It’s tax time! C’mon everybody, gather up your receipts and make an appointment to see your local tax agent. People still do that, don’t they? Uh, anyway, come with me as I do just that, with dollar signs in my eyes and-
Oh. Guess I’ll be doing my own tax, then…
It’s no exaggeration to say that ITP Beverly Hills was here since Federation, so its departure is a severe blow to the intricate bio-habitat that surrounded it. D2D Cafe and the Rhinedorf relied on these guys to tick all the boxes each July. Did you stop and think of them when you packed up and left, ITP?
A few traces of the former tax
haven office remain, this canary yellow window being one. I wonder how ITP came to decide on bright yellow as their trademark colour? There’s only so much grey one can take, I suppose.
No messing around! These dudes left NOTHING behind – almost as if they’re accustomed to paying attention to nitty-gritty details by nature. It’s small comfort to know that wherever they are now, they’re nice and cool.
They also took their awning sign, and in the process exposed a clue as to who the former occupants were. “AS 43 SUNTRONIC GLOBAL SYSTEM 37” may sound like total gibberish, but in the skincare world, it’s godlike.
The way I understand it, AS 43 is a form of electrocosmetology therapy that tightens skin. Apparently, it was discovered “by accident”. Try telling that to the victims of AS 01-42 Suntronic Global Systems, you monsters…
So who were the purveyors of this skincare breakthrough miracle cure? Look up and we can see the lush typeface of Beverly Hills Skin Care, a company that according to the government still has an active ABN.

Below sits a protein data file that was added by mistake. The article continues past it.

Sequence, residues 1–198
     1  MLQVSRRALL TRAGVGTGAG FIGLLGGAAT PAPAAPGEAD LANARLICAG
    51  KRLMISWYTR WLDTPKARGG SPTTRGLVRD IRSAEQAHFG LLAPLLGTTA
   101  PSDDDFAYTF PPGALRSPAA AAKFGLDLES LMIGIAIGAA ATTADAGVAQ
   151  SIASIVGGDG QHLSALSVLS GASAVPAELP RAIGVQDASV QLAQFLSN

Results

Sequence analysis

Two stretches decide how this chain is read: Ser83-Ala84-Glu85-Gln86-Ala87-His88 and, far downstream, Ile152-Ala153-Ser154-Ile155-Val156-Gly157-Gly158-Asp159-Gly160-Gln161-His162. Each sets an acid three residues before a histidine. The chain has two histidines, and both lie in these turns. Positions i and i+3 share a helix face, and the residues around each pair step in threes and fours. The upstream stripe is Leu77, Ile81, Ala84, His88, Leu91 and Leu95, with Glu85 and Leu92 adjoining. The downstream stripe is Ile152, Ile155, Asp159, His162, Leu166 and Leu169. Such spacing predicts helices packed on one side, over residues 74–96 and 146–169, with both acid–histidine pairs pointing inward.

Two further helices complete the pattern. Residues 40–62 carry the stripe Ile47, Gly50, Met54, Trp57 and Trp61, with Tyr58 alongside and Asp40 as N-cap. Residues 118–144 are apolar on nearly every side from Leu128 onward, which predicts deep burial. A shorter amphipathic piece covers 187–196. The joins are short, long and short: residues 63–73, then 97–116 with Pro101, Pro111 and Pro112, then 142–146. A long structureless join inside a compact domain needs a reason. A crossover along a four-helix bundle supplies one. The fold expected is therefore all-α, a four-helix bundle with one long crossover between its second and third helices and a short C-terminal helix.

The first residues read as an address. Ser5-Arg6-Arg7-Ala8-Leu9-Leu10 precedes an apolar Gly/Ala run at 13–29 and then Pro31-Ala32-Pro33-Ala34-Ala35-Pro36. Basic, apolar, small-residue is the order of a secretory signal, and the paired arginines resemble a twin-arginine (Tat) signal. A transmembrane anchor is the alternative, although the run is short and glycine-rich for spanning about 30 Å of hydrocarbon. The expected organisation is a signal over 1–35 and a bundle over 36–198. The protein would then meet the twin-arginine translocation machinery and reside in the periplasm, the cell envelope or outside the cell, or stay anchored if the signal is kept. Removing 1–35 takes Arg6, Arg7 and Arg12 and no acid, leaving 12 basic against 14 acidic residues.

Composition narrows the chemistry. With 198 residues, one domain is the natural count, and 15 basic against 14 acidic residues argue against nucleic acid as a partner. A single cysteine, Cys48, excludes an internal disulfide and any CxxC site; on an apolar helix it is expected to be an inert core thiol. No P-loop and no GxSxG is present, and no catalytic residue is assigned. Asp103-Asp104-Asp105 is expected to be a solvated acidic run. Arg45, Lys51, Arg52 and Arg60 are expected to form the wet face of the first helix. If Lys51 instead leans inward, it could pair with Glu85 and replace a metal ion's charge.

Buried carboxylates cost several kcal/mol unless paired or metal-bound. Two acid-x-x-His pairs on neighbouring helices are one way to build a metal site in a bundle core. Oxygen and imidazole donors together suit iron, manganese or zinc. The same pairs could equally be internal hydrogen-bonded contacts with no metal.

As an aside, and don’t take this as a sign I’ve run out of things to say about an ancient skincare clinic, but have you ever had a look at that ABN search site? It’s fascinating to see which old business names are still making a go of it.
Check it out! “Beverly Hills Video” is still active, while Beverly Hills Cinema appears to have replaced “Beverly Hills Twin”. I’m just disappointed nobody’s ever set up “Beverly Hills Corp”.
Kim Sun Young provides Strathfield with its hair, beauty and wedding needs, but the dirty alley behind the shop gives us a history lesson.
I’m guessing it was a shoe shop. Why you would advertise in any way in such a dingy back alley escapes me, but I imagine that they chose to put up a Dunlops sign to discourage thieves who were perhaps expecting Nikes. That said, for all I know it could have been a golf ball shop and the sign’s there to discourage thieves expecting Titleists. And if you think I made a baseless comment just now about varying quality of golf balls, don’t think I didn’t do my homework.
UPDATE: Turns out I didn’t do my homework. Dunlop’s was actually a clothing and haberdashery store, and existed until at least 1980. Before that it was Reynolds’ Drapery. Mine was a pretty good guess though, right? Big thanks to Cathy Jones and her Strathfield History Images blog!